11

I am trying to find which language used the |> operator first.

It's being discussed for use in R, and it's been in OCaml for some years.

Did it originate in OCaml? If not, what are its earliest origins and use?

3
  • 1
    Is this about an old enough operator to be retrocomputing? R and Ocalm are both relatively new languages compared to what we usually discuss here. The question doesn't seem to be about pipes in generally, but the specific use of '|>' as operator in programming languages. – UncleBod Dec 17 '20 at 8:08
  • 1
    @UncleBod it is true that it's about the |> specifically. There has been some discussion about where such questions ought to reside on meta – stevec Dec 17 '20 at 8:11
  • From here, there is suggestion that these languages may also have the same / similar pipes: F#, OCaml, Elixir, Elm, Julia, Hack, and LiveScript. – stevec Dec 20 '20 at 15:22
6

Douglas McIlroy wanted to introduce pipes already at the beginning of Multics project in 1964:

We should have some ways of connecting programs like garden hose -- screw in another segment when it becomes necessary to massage[sic?] data in another way.

But at least according to Wikipedia, they were implemented in Unix first.

The |> in OCAML and similar operators for point-free (i.e., not using variables, instead composing functions by pipes and other means) programming in other functional (and increasingly, non-functional) languages go back at least to the seminal article Can programming be liberated from the von Neumann style? by John Backus (you may have heard of Backus-Naur-Form or BNF) from 1978.

If the question is meant more as "why was specifically |> chosen", it's important to keep in mind that in OCAML, infix operators have to start with certain symbols, and the precedence of the operator is determined by the initial symbols (see e.g. here).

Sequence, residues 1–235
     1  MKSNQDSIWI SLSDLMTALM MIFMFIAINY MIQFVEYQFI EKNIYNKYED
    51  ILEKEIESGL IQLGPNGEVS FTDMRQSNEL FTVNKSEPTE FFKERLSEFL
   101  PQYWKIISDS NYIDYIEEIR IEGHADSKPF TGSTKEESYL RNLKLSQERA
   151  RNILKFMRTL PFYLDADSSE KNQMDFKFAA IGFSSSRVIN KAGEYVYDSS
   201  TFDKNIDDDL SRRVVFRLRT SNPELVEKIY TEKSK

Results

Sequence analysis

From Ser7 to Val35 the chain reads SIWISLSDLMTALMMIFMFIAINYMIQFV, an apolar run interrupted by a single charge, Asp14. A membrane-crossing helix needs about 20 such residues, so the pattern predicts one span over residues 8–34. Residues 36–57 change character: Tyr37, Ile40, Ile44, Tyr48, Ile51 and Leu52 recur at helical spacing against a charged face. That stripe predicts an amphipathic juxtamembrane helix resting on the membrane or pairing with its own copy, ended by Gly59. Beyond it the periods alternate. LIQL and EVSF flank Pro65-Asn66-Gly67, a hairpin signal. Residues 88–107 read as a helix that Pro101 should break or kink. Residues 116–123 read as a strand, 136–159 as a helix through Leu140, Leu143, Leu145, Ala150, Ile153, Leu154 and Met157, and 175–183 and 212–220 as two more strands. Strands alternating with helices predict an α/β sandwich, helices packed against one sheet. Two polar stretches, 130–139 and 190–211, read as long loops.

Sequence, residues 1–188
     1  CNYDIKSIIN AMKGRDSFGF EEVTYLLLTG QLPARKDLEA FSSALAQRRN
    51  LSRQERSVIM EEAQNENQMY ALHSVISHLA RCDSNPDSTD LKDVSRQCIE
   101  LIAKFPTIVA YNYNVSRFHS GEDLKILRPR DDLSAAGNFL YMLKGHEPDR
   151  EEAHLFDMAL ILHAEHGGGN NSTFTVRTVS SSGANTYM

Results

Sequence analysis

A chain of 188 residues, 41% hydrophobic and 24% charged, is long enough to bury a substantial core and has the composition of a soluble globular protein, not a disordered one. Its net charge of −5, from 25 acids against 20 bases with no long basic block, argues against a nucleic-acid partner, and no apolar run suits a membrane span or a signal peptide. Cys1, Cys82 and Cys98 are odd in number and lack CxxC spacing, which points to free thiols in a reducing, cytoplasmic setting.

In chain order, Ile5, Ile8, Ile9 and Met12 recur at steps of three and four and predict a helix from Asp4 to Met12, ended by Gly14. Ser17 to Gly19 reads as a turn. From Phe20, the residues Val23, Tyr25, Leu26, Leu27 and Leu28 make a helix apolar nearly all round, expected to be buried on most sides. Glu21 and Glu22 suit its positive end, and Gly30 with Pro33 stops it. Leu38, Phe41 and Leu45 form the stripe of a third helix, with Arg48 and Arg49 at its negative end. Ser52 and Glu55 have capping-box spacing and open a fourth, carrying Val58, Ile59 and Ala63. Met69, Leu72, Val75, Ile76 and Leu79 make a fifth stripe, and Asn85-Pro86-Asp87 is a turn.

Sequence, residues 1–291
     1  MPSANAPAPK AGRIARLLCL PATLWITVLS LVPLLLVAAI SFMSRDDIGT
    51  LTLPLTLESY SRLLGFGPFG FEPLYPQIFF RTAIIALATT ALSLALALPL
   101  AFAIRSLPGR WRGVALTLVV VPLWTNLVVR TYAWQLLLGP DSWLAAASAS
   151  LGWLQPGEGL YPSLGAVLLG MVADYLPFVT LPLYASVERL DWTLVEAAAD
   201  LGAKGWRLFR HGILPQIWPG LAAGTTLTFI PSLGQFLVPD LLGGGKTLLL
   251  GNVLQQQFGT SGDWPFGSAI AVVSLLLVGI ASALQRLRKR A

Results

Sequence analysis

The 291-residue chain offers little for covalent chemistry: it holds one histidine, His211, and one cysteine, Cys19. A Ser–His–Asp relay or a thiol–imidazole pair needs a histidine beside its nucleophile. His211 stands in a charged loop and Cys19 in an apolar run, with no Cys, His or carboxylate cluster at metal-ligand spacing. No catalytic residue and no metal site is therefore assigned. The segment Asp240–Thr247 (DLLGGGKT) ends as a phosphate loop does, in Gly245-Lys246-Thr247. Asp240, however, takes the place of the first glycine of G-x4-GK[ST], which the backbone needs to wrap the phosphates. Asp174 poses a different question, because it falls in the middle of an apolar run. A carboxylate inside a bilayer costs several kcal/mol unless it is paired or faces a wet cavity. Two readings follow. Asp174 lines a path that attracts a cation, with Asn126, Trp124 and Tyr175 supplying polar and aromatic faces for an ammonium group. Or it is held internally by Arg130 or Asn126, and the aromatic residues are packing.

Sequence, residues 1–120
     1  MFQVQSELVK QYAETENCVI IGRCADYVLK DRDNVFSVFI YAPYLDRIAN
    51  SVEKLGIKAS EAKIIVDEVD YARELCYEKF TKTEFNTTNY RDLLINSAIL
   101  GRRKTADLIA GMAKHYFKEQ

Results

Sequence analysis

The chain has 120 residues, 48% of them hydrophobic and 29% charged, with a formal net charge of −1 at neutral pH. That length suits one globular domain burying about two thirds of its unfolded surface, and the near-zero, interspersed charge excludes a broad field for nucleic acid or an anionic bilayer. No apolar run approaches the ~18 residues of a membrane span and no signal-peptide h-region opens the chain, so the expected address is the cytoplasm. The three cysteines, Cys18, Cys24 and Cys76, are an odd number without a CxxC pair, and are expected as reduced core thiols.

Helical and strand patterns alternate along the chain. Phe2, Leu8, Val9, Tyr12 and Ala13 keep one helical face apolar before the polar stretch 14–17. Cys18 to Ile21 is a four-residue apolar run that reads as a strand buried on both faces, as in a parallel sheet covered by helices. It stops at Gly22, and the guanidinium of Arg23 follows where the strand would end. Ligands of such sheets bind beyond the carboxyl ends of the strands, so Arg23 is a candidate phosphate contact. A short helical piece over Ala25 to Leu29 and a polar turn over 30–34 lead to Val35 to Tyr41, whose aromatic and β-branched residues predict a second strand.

That's why the choice of operators in OCAML is very different from, e.g., Haskell, where there is a whole zoo of left and right application and composition operators, for pure functions, monads, categories, and other structures.

Even though the operation itself is the same.

4
  • Multics/Unix pipes are a fundamentally different thing to functional programming pipelines. While Backus's paper may have introduced the concept, I don't believe the specific notation is that old, which I believe is the point of this question. In fact I believe the left-to-right style that |> enables is relatively modern - older functional languages may allow point-free style, but the flow of data is usually right to left, as in standard mathematical function notation (the compose operator is usually f . g meaning "do g then perform f on the result; |> does it the other way around). – occipita Dec 17 '20 at 10:27
  • @occipita "Multics/Unix pipes are a fundamentally different thing to functional programming pipelines." They are not. The name "functional programming pipelines" already gives that away, and Unix pipes were and are frequently used to explain the concept to functional programming newbies. If the question is about the symbol | and not about the concept, then I guess the symbol | originates with Unix (and that was probably an influence to choose |> in OCAML). – dirkt Dec 17 '20 at 10:32